At first glance, David Lynch wouldn't seem like an obvious choice to direct the story of Alvin Straight. After all, this is the man behind deranged masterpieces like Blue Velvet, Wild at Heart and television's Twin Peaks. But if you look closer and really think about it, it's not such a strange choice. What Lynch's films (both the good ones and the bad ones) all have in common is an appreciation for beauty in strange and unexpected places. Whoever thought a story about a seventy-something year old man traveling across Iowa in a tractor could be as beautiful as it ends up being in The Straight Story? Lynch and his lens man Freddie Francis give us long, steady shots of the real life towns and prairies that Alvin traveled through on his way to Mt. Zion, Wisconsin. It's a beautiful trip, and they film it with tedious care to make sure the viewer appreciates every mile of Alvin's journey.

While not quite reference-quality, Disney did a nice job of bringing the theatrical experience of The Straight Story to DVD. This is a good-looking picture, that accurately reflects the theatrical image. Colors are bright, solid and artifact-free. As can be expected from a new film, there is no print-related damage to the picture, like hairline scratches or dust residue. Disc-wise, there are a few instances where the video doesn't quite look up to par. Some of the shots of the night sky don't represent blacks as accurately or densely as they should be. It's not quite heavy film grain, moiré or even artifacting. It's as if the blacks couldn't quite hold their density and we get a curious flickering. This aside, the picture is definitely one you'll be able to enjoy. The Dolby Digital 5.1 audio track is also reflective of the theatrical exhibition. Lynch always places as much importance on the sound of his films as he does the visuals. Think of the sound of the ants swarming around the ear in Blue Velvet. While there's nothing quite that exaggerated here, the sound field is still fairly active and engaging. Dialogue, music and effects tracks are all equally balanced to create a strong mix that is very reminiscent of the theatrical sound.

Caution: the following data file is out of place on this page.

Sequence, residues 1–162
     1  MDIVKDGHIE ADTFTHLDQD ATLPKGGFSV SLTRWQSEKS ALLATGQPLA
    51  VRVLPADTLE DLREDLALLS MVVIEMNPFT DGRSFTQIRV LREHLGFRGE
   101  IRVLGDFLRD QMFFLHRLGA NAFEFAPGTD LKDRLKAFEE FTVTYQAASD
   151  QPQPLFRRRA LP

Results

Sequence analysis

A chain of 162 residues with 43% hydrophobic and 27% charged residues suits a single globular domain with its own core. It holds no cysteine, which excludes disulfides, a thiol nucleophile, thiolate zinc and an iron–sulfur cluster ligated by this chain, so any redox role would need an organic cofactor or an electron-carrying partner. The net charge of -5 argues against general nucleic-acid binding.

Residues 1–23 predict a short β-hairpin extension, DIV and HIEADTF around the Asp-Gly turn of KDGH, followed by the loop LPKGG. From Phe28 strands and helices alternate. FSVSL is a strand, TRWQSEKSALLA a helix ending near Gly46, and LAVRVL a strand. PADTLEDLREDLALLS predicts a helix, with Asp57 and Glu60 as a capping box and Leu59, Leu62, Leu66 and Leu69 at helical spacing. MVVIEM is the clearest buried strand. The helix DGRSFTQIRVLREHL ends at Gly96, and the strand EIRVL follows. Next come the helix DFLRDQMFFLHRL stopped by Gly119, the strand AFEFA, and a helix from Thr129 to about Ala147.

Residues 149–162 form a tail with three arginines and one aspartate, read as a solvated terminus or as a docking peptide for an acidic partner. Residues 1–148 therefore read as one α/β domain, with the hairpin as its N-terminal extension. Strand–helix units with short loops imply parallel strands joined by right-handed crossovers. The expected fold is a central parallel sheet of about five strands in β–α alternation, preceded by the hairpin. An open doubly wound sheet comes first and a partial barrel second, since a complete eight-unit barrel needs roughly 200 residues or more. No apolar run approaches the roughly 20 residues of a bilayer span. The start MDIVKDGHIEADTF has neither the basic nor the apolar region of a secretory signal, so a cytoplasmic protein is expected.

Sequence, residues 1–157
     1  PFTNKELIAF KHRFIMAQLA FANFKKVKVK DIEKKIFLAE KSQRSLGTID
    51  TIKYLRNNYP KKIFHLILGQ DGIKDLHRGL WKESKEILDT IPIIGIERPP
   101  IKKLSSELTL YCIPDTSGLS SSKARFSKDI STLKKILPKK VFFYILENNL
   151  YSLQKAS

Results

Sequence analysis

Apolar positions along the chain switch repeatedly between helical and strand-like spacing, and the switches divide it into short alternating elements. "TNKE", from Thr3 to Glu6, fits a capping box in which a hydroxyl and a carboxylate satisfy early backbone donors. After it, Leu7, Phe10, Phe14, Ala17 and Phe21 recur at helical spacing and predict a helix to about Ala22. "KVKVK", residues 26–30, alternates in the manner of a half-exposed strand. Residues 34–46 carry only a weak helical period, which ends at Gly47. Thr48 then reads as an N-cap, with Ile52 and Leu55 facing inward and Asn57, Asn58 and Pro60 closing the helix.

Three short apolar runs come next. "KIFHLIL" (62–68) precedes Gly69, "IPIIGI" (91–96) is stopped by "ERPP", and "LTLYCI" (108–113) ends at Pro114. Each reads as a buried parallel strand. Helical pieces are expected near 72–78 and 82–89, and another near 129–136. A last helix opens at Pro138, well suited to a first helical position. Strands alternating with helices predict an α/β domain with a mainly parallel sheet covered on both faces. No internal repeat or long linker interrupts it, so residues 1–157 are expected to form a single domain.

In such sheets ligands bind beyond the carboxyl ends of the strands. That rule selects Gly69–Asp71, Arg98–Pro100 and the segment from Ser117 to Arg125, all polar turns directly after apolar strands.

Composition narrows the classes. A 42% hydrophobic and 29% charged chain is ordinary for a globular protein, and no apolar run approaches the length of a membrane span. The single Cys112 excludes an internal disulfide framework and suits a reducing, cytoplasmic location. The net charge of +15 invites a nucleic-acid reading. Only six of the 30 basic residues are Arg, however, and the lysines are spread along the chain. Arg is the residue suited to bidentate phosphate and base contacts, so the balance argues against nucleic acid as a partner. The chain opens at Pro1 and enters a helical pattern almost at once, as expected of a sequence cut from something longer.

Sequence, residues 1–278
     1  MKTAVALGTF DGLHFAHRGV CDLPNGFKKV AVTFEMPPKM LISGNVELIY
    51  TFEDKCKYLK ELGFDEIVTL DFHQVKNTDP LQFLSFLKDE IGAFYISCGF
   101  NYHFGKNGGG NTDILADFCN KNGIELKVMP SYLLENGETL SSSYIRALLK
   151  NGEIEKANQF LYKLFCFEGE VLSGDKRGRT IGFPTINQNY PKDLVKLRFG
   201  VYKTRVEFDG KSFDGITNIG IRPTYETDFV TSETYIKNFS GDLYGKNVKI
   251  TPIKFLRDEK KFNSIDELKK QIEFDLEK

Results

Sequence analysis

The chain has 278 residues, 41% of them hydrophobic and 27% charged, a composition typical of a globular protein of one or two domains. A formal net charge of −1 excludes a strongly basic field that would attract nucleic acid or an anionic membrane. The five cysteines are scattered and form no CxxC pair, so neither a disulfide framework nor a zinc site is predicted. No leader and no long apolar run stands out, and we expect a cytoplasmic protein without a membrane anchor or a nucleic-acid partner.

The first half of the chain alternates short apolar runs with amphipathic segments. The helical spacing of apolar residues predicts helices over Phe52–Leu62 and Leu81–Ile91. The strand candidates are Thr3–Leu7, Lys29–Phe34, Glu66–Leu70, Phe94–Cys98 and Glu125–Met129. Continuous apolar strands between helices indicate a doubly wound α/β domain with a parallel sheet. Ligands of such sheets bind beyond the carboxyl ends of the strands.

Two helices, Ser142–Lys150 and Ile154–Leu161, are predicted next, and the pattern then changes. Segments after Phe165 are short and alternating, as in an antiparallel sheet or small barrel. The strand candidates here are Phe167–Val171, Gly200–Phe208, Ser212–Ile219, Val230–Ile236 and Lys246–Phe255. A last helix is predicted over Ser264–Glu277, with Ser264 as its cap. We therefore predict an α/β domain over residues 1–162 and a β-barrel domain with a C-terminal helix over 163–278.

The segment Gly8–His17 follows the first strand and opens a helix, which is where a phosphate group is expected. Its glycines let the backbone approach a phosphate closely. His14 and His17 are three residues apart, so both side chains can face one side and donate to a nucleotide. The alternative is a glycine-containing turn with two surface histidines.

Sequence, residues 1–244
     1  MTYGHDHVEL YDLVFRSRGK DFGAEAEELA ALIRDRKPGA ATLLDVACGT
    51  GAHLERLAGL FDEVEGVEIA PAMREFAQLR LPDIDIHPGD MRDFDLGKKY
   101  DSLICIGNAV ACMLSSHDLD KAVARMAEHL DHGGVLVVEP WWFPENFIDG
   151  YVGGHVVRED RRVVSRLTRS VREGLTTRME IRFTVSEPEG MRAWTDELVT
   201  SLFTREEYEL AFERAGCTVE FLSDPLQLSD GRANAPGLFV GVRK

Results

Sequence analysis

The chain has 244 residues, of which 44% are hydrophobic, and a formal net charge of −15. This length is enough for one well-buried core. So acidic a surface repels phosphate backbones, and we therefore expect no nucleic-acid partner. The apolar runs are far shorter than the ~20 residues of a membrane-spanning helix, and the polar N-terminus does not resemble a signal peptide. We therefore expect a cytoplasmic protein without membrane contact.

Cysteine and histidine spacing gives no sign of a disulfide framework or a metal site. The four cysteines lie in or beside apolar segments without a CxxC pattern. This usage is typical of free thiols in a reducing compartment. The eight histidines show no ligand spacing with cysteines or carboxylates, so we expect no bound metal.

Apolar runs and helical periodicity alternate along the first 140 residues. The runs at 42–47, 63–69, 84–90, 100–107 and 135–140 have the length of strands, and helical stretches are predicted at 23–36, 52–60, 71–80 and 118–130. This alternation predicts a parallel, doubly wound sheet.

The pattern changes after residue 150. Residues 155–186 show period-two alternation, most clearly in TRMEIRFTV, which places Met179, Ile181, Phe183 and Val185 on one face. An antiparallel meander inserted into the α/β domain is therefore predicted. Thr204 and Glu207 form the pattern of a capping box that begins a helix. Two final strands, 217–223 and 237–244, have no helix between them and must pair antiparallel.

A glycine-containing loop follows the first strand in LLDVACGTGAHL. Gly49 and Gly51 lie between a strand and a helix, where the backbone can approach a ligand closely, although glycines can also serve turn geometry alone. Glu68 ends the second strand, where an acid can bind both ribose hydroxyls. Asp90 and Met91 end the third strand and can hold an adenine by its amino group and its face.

If want a nice set of DVD features to give you a look behind the scenes, or even a little more information about the real life Alvin Straight, then you'll inevitably walk away disappointed here. The only thing Disney has included is the theatrical trailer. But this is the director's choice. David Lynch likes to let his films speak for themselves, and he does just that. His contribution to the disc was minimal and he asked that there be no chapter stops on this DVD. He also asks that the audience accept this decision in a handwritten note on the insert inside the case. The reason for this, is that Lynch sees his story not as a book to be read from chapter to chapter, but rather as one whole experience - much like Alvin's journey. Is the lack of chapter stops bothersome? No, not at all. This is an involving story, that you'll likely want to take in all at once. I was a bit disappointed that there wasn't more on the disc, like a Lynchian commentary track, or even one with Freddie Francis... but settling for the film alone is fine. I seriously doubt we'll ever hear Mr. Lynch's voice on a commentary track, although I'd love to be proven wrong. Oh... and there's one added bonus that Disney thankfully didn't include - their usual obligatory pre-feature trailer-fest. Pop the disc in, and it goes right to the film-themed menu screens. That's very much appreciated (and the way it should always be).

Though it's really light on the features, The Straight Story is a movie well worth seeing. It's one of the better-looking films of the past few years, and this DVD accurately portrays that. It's not your average Disney fare, nor is it your average David Lynch film. Neither of those facts should turn people away from this movie. It's a small film, with a grand scope and an even bigger heart. Highly recommended.

Dan Kelly
dankelly@thedigitalbits.com




E-mail the Bits!


Don't #!@$ with the Monkey! Site designed for 800 x 600 resolution, using 16M colors and .gif 89a animation.
© 1997-2002 The Digital Bits, Inc., All Rights Reserved.
billhunt@thedigitalbits.com